Not every computer has a GUI. Sometimes it's better to build the project in the background where it can be done automatically instead of requiring a person to manually stitch the build components together.
Also, GUI projects are quite fragile. You can't take an Eclipse GUI project and build it under IntelliJ or vice versa. Worse yet, some vendors have been known to change their GUI project definitions so radically between releases that a project built on an old IDE version won't build on a newer IDE version. That can also happen with batch build systems such as Maven, but it's less likely, if for no other reason that you don't have two points of view to consider (human interaction vs. persistent copy of the project spec).
"privilege" comes from the Latin words for "private" and "law" (legal) and dates to feudal times. To "claim privilege" meant that you were above the laws that applied to the common people.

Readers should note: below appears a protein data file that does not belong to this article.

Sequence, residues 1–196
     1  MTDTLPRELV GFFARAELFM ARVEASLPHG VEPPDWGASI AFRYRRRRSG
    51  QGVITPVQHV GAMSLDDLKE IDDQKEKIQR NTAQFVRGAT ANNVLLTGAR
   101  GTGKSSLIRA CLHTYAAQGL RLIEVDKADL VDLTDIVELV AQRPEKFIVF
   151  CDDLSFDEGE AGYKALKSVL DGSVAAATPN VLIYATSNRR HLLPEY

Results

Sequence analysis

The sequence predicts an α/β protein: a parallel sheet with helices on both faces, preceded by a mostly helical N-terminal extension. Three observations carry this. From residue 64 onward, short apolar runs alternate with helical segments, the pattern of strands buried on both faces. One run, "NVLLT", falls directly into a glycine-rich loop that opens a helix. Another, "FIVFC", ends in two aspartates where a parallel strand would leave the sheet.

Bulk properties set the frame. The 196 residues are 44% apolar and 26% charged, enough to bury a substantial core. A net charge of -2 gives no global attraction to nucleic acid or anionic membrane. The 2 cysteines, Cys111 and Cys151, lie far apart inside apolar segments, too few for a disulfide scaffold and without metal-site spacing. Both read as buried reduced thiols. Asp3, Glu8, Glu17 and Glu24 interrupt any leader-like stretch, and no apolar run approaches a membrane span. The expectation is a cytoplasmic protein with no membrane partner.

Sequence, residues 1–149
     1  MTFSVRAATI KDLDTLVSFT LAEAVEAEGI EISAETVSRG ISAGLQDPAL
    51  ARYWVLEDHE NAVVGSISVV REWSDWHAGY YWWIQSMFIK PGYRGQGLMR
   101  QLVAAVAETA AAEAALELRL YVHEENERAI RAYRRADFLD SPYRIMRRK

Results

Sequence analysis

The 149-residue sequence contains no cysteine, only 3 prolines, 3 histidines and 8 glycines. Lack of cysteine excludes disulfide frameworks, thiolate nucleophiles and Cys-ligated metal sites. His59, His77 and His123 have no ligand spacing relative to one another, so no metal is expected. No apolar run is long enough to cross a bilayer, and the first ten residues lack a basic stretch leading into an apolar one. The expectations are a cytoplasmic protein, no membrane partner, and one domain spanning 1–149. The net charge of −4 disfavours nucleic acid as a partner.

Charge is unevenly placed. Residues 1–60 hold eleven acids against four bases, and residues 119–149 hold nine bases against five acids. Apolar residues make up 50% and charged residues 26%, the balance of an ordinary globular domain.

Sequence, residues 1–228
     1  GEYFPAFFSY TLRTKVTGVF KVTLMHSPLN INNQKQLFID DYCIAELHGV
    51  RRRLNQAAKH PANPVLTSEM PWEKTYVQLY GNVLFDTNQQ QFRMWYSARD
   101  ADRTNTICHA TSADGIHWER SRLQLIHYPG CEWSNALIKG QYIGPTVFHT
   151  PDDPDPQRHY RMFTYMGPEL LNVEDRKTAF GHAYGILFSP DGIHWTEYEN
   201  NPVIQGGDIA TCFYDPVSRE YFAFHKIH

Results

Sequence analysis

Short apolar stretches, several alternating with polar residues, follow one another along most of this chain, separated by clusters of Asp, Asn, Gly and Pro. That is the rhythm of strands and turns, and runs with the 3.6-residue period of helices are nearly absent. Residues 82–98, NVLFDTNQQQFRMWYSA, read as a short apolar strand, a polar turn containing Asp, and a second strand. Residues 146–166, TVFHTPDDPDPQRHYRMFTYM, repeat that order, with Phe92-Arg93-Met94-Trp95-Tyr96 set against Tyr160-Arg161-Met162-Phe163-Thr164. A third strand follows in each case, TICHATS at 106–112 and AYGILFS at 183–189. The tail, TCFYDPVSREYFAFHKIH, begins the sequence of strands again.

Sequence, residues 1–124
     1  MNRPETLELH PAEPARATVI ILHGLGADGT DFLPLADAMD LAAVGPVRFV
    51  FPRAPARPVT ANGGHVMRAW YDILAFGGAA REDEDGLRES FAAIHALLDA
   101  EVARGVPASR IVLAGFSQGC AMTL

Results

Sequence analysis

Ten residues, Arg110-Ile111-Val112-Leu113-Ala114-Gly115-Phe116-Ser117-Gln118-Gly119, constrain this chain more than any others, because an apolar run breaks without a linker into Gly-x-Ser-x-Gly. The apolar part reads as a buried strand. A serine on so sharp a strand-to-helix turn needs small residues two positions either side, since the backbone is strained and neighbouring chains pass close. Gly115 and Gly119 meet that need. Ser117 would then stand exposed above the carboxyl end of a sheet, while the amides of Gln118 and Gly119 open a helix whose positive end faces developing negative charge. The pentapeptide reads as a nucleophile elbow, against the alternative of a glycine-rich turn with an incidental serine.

Thennam, Even if everyone on the team is using the same IDE, it helps to build the jar, war or ear from a build tool. This prevents "it worked on my machine" syndrome. This is where someone accidentally (or on purpose) doesn't commit something and the deployable artifact can only be built on their machine.
Also, it embeds the instructions for how to build the artifacts in an executable (build script) rather than in a document or in people's heads.
In addition to the comments already made, in more complex projects an IDE actually *can't* do a full build.
The Ant build for our project currently does
- generate source code from meta information (such as XML schemata) - compile - run unit tests - build jar files - assemble thirdparty jar files - assemble license information for thirdparty jar files - build javadoc - build war files - run acceptance tests - generate a number of PDF documents from meta information - generate a number of XML files - assemble example source code - assemble example configuration files - and probably a number of other things I currently don't remember
I don't know of any IDE that were capable of those tasks, let alone with the flexibility we need.
The soul is dyed the color of its thoughts. Think only on those things that are in line with your principles and can bear the light of day. The content of your character is your choice. Day by day, what you do is who you become. Your integrity is your destiny - it is the light that guides your way. - Heraclitus